Her team in turmoil going into the NCAA tournament, Sylvia Fowles has Louisiana State right back where the Tigers expected to be before their coach's sudden resignation: a fourth straight Final Four appearance.
Fowles overpowered Connecticut with 23 points, 15 rebounds and an intimidating defensive performance that led third-seeded LSU over the top-seeded Huskies, 73-50, Monday night in the Fresno Regional final.
The Tigers (30-7) handed the Huskies (32-4) their most lopsided tournament loss in 15 years. Connecticut, Tennessee and Louisiana Tech are the other schools to make four consecutive Final Fours.
"This is more special," Fowles said of the 2007 Final Four berth. "It's more special because our team really came together. We're playing our best basketball, and we feel good about ourselves."
The two players Fowles guarded most often -- Tina Charles and Kaili McLaren -- each went 0 for 5 from the field. Connecticut shot 33% overall.
LSU has had to deal with the March 7 resignation of coach Pokey Chatman amid allegations of improper conduct with a former player.
"I don't think a lot of people thought that we would be where we're going to be," acting Coach Bob Starkey said. "We handled the adversity."
Said Connecticut Coach Geno Auriemma: "LSU exposed all the things we're not good at. They made it a half-court game, and right now that's not one of our strengths."
Rutgers 64, Arizona State 45 -- The fourth-seeded Scarlet Knights -- who have five freshmen and no seniors on their roster -- routed the third-seeded Sun Devils to reach the Final Four for the second time and first since 2000.
Matee Ajavon had 20 points for Rutgers (26-8), which led by as many as 24 and had a 48-26 rebounding advantage over Arizona State (30-5). The Scarlet Knights were coming off a 53-52 victory over top-seeded Duke.
"This entire run through the NCAA tournament has been sort of unreal, but at the same time we understand that all the hard work we put in put us there," said Rutgers forward Essence Carson.
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Tournament at a glance
Monday's results ensured at least one NCAA women's finalist won't be top-seeded. LSU, seeded third, and Rutgers, seeded fourth, will match up at Cleveland.
He said, he said
Louisiana State Coach Bob Starkey, a longtime assistant coach for the men's and women's teams at Baton Rouge, has only four games' experience as head coach.
But he knew how to have fun with a pregame news conference when he was asked about matching wits with Connecticut Coach Geno Auriemma.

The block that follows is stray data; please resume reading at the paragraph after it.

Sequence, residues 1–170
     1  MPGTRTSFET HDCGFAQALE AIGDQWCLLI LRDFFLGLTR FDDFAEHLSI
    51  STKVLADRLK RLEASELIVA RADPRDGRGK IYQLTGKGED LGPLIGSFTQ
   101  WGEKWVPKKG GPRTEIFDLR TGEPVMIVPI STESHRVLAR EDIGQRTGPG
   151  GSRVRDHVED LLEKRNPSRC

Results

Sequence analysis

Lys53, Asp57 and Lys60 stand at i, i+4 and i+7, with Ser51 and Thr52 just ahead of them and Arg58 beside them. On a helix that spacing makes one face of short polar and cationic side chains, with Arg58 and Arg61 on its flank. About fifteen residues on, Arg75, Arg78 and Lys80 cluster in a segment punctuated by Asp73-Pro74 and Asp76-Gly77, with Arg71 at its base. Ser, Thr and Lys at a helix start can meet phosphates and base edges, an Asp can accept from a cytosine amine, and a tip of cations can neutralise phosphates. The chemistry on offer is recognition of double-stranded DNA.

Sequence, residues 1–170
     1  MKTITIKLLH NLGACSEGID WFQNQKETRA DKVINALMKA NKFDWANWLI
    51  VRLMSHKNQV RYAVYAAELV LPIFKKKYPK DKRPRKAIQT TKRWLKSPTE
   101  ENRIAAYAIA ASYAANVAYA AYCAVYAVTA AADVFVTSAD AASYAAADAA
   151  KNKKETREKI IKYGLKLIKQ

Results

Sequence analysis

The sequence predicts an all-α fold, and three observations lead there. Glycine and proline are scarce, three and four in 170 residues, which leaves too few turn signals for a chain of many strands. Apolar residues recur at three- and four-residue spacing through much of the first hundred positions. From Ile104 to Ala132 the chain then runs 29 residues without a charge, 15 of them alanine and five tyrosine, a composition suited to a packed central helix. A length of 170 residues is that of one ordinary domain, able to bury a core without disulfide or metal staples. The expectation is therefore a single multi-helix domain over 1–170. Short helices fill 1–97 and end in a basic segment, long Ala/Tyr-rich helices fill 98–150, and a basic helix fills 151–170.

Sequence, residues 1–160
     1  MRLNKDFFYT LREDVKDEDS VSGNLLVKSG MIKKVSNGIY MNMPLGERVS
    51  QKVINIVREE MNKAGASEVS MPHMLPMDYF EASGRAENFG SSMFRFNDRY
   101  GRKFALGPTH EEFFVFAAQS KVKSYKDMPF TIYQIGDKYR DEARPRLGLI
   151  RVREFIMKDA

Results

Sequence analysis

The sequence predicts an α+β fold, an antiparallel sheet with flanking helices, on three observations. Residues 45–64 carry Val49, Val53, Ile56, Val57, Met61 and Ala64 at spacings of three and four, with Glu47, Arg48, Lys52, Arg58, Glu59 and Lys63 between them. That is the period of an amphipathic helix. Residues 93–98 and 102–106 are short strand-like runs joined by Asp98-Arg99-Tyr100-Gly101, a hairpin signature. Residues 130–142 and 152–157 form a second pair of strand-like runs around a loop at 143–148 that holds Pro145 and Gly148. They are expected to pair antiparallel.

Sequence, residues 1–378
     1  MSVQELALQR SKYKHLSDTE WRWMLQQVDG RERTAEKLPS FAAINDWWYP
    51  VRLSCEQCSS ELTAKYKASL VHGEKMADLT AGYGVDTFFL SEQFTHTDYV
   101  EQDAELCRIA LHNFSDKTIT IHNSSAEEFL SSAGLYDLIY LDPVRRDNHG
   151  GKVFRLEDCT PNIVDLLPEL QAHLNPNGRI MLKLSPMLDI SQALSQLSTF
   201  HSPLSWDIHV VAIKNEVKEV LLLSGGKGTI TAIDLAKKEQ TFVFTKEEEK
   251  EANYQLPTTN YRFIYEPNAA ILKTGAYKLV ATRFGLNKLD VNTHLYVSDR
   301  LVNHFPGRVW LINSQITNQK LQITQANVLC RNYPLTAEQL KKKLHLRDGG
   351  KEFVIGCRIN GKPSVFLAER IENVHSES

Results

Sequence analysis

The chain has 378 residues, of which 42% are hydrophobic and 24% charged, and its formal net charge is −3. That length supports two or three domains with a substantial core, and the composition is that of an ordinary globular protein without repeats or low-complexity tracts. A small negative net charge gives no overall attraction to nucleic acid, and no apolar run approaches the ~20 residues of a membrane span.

"I'm going to lose that tale of the tape.... Geno's a better coach, he's a better dresser and he's funnier than I am."
Auriemma's response: "True. But he has Sylvia Fowles."
Hold the phones
Rutgers Coach C. Vivian Stringer comes from the John Chaney school of teaching players a disciplined approach.
She once locked her players out of the locker room, took away their jerseys and made them wash their practice uniforms.
But nothing says "discipline" more to modern-day athletes than when Stringer made her players turn in their cellphones on the road.
Can't lie to the WNBA
The NCAA tournament is a comfort zone for North Carolina senior guard Ivory Latta, who hasn't lost her sense of humor even though her team was eliminated in the Final Four last season and the regional finals the year before.
Asked if she has become a big sister to her Tar Heels teammates, the 5-foot-6 Latta laughed and said she's more of a "little, big sister."
The short jokes continued when talk with the Tar Heels' All-American -- whose top-seeded team will face second-seeded Purdue in the Dallas Regional today -- turned to the WNBA draft.
"Last year, I was 5-6. Then I had my [knee] surgery and I think it put a little growth spurt in there," she said, trying to keep a straight face. "I measured myself and I was 5-7 this year. I said, 'Wow! I'm 5-7.' "
Realizing she wasn't getting anyone to bite, Latta 'fessed up: "If they want, I can be 5-8. But, yeah, to be honest, 5-6."
From Times Staff and Wire Reports